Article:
In January 2022, the World Health Organization (WHO) will officially recognize gaming disorder alongside opioid, cocaine, and alcohol dependence under its “disorders due to addictive behaviors” classification in its manual, the International Classification of Diseases (the ICD-11).
According to the WHO, gaming disorder is “characterized by a pattern of persistent or recurrent gaming behaviour… which may be online (i.e., over the internet) or offline.”
Previously, the only non-substance-related disorder to be listed in the ICD-11 was gambling disorder. But now, video game addiction is squarely in the set of behaviors that can be diagnosed as a serious problem by healthcare professionals.
That’s not to say everyone agrees video game addiction is something to be concerned about. In response to the classification, a group of scholars, researchers, and gaming industry professionals (Aarseth et. al) submitted a paper in which they argued that the formal diagnosis was “premature.”
In their view, more research is needed to ensure that the norms around video games are better understood before rushing to diagnose an official disorder.
But even those researchers acknowledge that “some gamers do experience serious problems as a consequence of the time spent playing video games.” That view is shared by Wim Van Der Brink, a Professor of Psychiatry and Addiction at the University of Amsterdam.
Van Der Brink acknowledges that while gaming is “just another relatively innocent recreational activity with only a small minority losing control resulting in gaming-related problems,” the ICD-11 classification is a good thing, because it will allow problem gamers to get the treatment they need.
At Clutch, we’re in a unique position to contribute to this conversation. While we’re definitely not a clinical research organization, ours is among the largest and most engaged gaming communities. So we’ve been wondering: just how many gamers are taking their hobby too far? And which gamers are likely to be exhibiting gaming-dependent behaviors?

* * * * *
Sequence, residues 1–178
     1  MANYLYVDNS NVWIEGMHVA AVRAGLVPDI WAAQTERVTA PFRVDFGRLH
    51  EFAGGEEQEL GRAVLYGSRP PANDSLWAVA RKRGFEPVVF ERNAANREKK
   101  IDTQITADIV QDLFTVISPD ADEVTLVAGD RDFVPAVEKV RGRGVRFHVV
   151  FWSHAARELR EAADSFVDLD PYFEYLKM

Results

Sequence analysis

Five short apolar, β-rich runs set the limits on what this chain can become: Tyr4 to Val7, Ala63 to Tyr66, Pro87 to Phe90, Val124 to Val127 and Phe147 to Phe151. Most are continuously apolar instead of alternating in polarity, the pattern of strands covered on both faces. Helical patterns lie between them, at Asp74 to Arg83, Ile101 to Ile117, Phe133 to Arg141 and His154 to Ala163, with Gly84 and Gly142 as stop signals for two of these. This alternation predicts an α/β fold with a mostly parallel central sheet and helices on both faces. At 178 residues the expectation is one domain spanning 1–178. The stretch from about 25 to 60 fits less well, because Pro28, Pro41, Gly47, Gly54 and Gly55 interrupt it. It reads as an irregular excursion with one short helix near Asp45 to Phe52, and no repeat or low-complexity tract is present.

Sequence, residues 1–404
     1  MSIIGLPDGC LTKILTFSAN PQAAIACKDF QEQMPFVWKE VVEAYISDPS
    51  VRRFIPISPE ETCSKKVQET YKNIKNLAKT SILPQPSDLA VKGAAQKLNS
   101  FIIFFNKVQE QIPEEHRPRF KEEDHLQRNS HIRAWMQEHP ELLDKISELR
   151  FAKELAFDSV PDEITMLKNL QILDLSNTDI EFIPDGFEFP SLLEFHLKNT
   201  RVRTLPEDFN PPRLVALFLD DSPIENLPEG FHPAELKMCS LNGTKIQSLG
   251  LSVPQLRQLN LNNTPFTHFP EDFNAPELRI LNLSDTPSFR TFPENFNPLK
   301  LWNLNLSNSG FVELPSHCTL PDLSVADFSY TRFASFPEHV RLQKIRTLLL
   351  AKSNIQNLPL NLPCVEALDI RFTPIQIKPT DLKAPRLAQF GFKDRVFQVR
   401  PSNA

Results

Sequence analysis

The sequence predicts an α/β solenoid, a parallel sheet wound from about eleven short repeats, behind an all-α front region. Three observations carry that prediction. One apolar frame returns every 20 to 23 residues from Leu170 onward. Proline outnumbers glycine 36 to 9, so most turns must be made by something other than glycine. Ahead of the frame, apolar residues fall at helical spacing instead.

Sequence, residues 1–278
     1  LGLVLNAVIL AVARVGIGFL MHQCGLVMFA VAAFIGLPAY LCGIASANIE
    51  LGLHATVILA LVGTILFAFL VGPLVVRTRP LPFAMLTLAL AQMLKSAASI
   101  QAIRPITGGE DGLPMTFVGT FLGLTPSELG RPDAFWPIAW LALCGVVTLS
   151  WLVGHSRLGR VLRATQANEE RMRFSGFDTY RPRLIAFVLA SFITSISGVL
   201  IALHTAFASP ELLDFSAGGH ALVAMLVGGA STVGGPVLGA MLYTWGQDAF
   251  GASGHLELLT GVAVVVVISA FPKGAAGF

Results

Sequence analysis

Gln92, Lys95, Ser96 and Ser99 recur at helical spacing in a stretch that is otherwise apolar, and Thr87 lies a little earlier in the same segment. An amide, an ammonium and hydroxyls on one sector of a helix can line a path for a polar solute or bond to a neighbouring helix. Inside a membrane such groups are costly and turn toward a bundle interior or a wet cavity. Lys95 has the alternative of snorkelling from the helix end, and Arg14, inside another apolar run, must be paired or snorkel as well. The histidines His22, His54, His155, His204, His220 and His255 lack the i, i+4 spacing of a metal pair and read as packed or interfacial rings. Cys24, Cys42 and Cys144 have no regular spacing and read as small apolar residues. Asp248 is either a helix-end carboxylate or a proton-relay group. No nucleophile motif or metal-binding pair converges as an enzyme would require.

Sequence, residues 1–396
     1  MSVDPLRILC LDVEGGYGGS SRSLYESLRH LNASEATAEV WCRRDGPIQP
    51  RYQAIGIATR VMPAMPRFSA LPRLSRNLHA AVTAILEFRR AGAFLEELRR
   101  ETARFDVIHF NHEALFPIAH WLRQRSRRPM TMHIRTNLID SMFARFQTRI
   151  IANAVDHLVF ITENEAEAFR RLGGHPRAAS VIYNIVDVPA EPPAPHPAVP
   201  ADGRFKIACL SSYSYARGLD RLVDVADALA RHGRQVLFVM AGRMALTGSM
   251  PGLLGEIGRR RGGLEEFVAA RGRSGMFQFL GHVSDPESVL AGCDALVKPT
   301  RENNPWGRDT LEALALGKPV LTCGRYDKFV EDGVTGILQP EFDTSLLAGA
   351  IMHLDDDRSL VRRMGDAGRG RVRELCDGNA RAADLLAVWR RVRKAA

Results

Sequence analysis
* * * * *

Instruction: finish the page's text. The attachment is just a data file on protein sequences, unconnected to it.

Using a modified version of the Greenfield Video Game Addiction Test, we surveyed 1,570 Clutch users to find out.
Note: Only a healthcare professional can accurately diagnose gaming disorder and other behavioral health issues. If you or a loved one are struggling with the use of video games, consider contacting the 24/7 helpline of the Substance Abuse and Mental Health Services Administration.
How Many Gamers Are Addicted?
On our test, a score of 41.2 or higher is equivalent to a positive result on the Greenfield test. That means a gamer “may have some degree of problematic video game use.” Here’s a breakdown of how the gamers in our study scored:
Most of the gamers in our study don’t appear to have a problem putting down the controller, but over 1 in 4 (27.8%) scored above the level which corresponds with potential video game addiction.
The Most Addictive Games
Independent research shows that some games can be more addictive than others. Factors such as the number and frequency of in-game rewards seem to affect how “hooked” players can get from different games.
Those particular factors don’t really apply to Minecraft, however, which turns out to be the most addictive game in our study. Instead, its addictive appeal could be related to the fact that Minecraft doesn’t really have natural interruptions or end points like other games do. There are no breaks to prompt a player to quit the game, which seems like a potential recipe for addictive behavior to us.
What Kinds of Gamers are Most Prone to Addiction?
We were curious to know whether there were any other factors that correlated to gaming addiction. When we looked at gamers’ employment status, we saw a trend start to appear:
It turns out, employment status may be a factor. Gamers who were employed full-time had the lowest average addiction score. While gamers who were unemployed seemed to be the most addicted.We think it might be because unemployed gamers likely have more time to spend on the hobby, which means that it can veer into levels that feel like an addiction.
There’s also a correlation with unemployment and depression, and depressed people are more likely to get into addictive patterns. For many, gaming is a coping skill that turns from nurturing to numbing very quickly. Sometimes the shame/depression that comes from being unemployed is self-remedied through exercises like gaming, but the coping mechanism may develop into a dependency over time.
Video Game Addiction Demographics